1. Not finding help here? Sign up for a free 30min tutor trial with Chegg Tutors
    Dismiss Notice
Dismiss Notice
Join Physics Forums Today!
The friendliest, high quality science and math community on the planet! Everyone who loves science is here!

Question regarding Electrical conduction(Resistance)

  1. Jun 19, 2005 #1
    The cross section of a bare wire is a square of area 1.00 mm^2 .A 10.0 m, length of this wire is wound close together on a wooden cylinder so that neighbouring coils are completely in contact with each other.There is a total of 200 coils.The resistivity of the material of the wire is 1.0 x 10^-6 ohm meter.estimate the effective resistance of the arrangement .

    First of all, i don't really quite understand with the phrase 'cross section of a bare wire is a square' and I want to know whether the 200 coils involved in calculating the resistance.Does the term 'effective resistance' mean using the formulae of parallel resistor as the wire is wounded one after another side by side,(This is my assumption) ?

    Thanks for anybody that spend some time on this question and I really hope that somebody will explain to me the doubt I written above.
  2. jcsd
  3. Jun 19, 2005 #2


    User Avatar
    Science Advisor
    Homework Helper

    Most wires have a circular cross section. If you cut the wire perpendicular to its length and look at the end it is a circle. The end of this wire would be a square. The wire is wound in one continuous length onto the cylinder, and since it is a bare wire that makes contact with itself there is an electrical path between adjacent coils. This is neither a series nor parallel arrangement of the coils. This is more like a hollow cylinder of conducting material with a wire attached at both ends of the cylinder. I assume they use the word "estimate" because the resistance will depend on exactly where the wire ends contact the cylinder. I would expect there to be some difference if the end wires were on a line parallelel to the cylinder axis as compared to being on opposite sides of the axis. I think you are supposed to neglect that effect, but you need to relate this to similar problems you have done to make that decision.
  4. Jun 19, 2005 #3
    The phrase "cross section of a bare were is a square of cross-section ..." means that the wire is not circular in shape just like the ordinary ropes, but it has a 'square-shaped' cross section . Here the wire has been wounded around the cylinder just like a solenoid.The number of turns are 200 and the wire length is 10m.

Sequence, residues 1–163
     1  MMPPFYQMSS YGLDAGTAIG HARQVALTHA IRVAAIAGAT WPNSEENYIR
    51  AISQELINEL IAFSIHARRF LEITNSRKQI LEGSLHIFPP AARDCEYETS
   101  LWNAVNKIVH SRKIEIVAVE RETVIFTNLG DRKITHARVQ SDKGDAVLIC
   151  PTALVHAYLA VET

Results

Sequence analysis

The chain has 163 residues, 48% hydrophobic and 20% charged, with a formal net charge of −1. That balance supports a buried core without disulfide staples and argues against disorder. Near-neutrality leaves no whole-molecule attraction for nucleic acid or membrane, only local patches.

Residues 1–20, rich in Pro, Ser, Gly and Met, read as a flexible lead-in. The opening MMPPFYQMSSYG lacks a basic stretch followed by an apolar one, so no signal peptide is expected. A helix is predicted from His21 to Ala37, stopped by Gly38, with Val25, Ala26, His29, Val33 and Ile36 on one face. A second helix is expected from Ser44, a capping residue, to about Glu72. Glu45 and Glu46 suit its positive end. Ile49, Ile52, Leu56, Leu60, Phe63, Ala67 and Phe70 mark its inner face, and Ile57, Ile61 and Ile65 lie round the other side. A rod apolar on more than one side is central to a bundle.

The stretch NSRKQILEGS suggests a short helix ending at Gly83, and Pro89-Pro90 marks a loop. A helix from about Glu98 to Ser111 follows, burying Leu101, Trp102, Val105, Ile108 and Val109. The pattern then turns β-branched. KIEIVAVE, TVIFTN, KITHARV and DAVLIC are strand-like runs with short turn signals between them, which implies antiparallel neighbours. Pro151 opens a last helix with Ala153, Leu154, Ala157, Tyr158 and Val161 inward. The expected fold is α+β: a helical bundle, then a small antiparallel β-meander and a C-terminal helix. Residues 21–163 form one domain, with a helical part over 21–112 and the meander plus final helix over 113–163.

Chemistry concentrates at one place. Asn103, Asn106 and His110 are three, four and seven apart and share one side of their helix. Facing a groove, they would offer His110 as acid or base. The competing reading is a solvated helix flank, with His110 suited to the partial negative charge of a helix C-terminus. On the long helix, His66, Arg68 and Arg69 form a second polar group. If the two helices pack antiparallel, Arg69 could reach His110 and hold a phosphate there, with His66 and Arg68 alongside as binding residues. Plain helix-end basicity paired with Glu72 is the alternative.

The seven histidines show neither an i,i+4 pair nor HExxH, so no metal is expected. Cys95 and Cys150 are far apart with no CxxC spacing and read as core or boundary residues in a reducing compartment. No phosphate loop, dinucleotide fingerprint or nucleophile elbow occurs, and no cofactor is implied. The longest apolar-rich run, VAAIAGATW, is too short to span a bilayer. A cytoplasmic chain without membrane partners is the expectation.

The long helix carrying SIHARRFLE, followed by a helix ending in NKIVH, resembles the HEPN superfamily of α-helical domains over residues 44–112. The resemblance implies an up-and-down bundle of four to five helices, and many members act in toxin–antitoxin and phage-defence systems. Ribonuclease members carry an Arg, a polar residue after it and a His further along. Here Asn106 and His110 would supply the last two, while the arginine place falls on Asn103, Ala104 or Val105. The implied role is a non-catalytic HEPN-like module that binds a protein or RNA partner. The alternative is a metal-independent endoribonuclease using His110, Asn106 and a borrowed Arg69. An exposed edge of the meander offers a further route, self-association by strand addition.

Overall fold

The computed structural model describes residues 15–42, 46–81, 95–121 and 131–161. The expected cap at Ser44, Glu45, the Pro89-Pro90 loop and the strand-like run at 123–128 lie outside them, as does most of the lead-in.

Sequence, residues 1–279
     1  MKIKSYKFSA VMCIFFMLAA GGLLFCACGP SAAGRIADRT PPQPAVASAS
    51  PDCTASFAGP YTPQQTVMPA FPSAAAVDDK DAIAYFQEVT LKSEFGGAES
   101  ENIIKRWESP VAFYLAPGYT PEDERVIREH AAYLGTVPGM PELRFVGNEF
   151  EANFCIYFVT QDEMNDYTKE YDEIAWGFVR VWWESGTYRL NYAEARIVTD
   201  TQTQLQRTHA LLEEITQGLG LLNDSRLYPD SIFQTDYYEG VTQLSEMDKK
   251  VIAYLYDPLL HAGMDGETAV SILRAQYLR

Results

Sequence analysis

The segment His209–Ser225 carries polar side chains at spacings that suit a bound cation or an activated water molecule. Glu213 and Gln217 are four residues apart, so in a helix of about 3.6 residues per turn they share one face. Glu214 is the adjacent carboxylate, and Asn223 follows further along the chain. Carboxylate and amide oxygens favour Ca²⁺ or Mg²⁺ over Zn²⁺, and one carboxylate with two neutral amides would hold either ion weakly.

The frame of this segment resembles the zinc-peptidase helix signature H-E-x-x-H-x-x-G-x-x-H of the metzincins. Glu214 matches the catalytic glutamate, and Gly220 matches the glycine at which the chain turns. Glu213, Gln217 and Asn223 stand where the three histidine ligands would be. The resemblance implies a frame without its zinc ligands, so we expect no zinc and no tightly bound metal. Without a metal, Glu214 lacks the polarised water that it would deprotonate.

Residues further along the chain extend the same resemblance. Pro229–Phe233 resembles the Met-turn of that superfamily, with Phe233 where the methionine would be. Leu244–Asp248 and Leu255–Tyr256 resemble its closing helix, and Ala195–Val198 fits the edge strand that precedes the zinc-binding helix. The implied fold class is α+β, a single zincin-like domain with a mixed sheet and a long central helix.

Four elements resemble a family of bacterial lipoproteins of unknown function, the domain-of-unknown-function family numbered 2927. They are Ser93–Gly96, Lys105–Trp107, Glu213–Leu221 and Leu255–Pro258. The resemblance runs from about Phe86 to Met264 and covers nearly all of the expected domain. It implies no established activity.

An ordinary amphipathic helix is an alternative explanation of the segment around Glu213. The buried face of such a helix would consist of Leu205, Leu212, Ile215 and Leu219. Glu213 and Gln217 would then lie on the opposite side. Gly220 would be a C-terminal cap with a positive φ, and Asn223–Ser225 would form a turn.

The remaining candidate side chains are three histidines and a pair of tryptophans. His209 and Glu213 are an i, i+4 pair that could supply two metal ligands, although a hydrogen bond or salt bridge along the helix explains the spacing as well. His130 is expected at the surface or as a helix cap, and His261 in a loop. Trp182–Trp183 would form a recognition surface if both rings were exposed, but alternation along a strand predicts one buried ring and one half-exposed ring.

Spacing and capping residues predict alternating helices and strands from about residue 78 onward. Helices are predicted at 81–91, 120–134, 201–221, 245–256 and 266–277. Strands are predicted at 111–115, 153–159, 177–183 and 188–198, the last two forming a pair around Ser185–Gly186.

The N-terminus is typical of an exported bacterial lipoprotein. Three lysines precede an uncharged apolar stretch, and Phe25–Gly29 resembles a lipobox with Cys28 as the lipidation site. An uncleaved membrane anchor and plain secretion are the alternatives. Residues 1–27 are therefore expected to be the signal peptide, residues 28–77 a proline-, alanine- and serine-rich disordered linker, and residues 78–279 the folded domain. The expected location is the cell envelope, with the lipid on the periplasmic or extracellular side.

So, we need to calculate the effective resistance.As far as my experience goes, there has to be no direct method to this problem.

    Ok because all the loops are joined, consider the whole 'solenoid' as one thick wire hollow from inside with thickness =cross sectional area of single wire.Now this new wire will have dimensions as follows:

    Length : (200 x 1) mm

    Take s small ring inside this thick wire , integrate it for the whole thickness , that is integrate it for radius1 to radius2 such that radius2-radius1 = thickness of waire
  5. Jun 22, 2005 #4
    Solution and some suggestion to solve the question

    I have try to solve this question for a long time and I really can't find the correct answer.I have my doubt,solution to the question in the attachment that followed.Thanks for anybody that spend some time on this qustion.

    Attached Files:

  6. Jun 22, 2005 #5

    did u follow my approach?.., I think there's no other way than to integrate.
  7. Jun 22, 2005 #6


    User Avatar
    Science Advisor
    Homework Helper

    The simplest model is to treat this as a cylindrical conductor and assume the ends of the cylinder are each at uniform potential. This is not exactly a valid assumption since the wire contacts the end of the cylinder at a point, but it is not bad if the cylinder is long compared to its diameter, and the problem did say to estimate the resistance. If you just had an ordinary wire, you would multiply the resistivity by the length and divide by the cross sectional area. The length is 200 times the thickness of the wire. The cross-sectional area is pi times the difference between the outer radius squared and the inner radius squared, which is approximately the circumference of the circle times the thickness of the wire.

    Looks to me like this approach will result in the given answer.
  8. Jun 23, 2005 #7
    Thanks for your help OlderDan and I really appreciate it because I have really understand with the question and thanks for your explaination.
Know someone interested in this topic? Share this thread via Reddit, Google+, Twitter, or Facebook

Have something to add?